Cet article a déjà été publié en juillet dans sa version française. Au vu des retours qu’il a suscités, nous en proposons aujourd’hui une version anglaise en direction de notre lectorat anglophone.

What is the purpose of a Sovereign Wealth Fund?

Sovereign Wealth Funds (SWF) have become major players in international finance, as attested by their total assets under management, estimated at USD 9.4 trillion in 2017[1]. Over the last 20 years, the boom of Sovereign Wealth Funds has been compounded by the rise in commodity prices and the increase in balance of payments’ surpluses in certain countries, notably among emerging economies.

Originally, these Funds aimed at smoothing the impact of volatile hydrocarbon prices. Indeed, in the 1970s and 1980s, many exporting countries suffered from the « Dutch disease »: their hydrocarbon export revenues led to an overvaluation of national currencies and a deterioration in the competitiveness of the non-oil sector, leading to a very high vulnerability to fluctuations in commodity prices. It should also be noted that the creation of a Sovereign Wealth Fund has been frequently recommended by the International Monetary Fund (IMF) in its structural adjustment programmes applied to commodity-exporting countries in order to encourage national savings and smooth cyclical fluctuations.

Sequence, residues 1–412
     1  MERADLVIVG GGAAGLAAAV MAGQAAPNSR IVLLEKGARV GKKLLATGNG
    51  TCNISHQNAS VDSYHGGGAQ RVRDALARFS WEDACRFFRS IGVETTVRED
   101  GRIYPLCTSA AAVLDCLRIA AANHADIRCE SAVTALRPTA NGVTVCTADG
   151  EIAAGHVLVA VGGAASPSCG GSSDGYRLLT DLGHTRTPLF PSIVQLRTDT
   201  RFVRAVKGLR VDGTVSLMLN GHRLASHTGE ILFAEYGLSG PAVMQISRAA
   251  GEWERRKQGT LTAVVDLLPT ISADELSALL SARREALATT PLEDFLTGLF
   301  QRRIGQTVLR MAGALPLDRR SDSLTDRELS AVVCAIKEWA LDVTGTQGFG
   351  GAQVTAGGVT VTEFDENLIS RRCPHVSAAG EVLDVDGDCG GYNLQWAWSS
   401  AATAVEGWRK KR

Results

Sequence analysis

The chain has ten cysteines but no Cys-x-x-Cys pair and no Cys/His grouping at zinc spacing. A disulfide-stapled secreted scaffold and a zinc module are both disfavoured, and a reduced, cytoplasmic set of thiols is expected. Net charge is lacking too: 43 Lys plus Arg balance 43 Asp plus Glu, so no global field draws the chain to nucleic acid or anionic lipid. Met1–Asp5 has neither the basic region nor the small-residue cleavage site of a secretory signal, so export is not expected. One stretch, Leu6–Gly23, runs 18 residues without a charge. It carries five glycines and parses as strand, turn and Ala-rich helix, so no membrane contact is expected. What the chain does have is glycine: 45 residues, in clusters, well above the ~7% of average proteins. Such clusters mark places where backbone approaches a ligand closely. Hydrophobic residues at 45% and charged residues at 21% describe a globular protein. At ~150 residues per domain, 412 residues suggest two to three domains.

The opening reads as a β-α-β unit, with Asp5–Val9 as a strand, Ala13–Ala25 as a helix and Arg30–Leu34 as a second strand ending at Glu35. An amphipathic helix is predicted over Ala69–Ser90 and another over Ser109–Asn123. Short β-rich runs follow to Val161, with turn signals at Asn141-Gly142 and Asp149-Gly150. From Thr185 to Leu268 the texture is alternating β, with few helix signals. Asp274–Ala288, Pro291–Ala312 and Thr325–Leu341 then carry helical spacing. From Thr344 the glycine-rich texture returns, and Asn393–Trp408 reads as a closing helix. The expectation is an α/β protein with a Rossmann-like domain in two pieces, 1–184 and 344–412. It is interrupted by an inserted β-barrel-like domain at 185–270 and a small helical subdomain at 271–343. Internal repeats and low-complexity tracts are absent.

The following table, published by the Sovereign Wealth Fund Institute, provides an estimate of the assets under management of the ten largest Sovereign Wealth Funds. Apart from the Norwegian Fund’s leading position, it shows the pre-eminence of Asian institutions (three Chinese Funds and two Singaporean Funds in the top 10) and Middle Eastern institutions (United Arab Emirates, Kuwait, Saudi Arabia).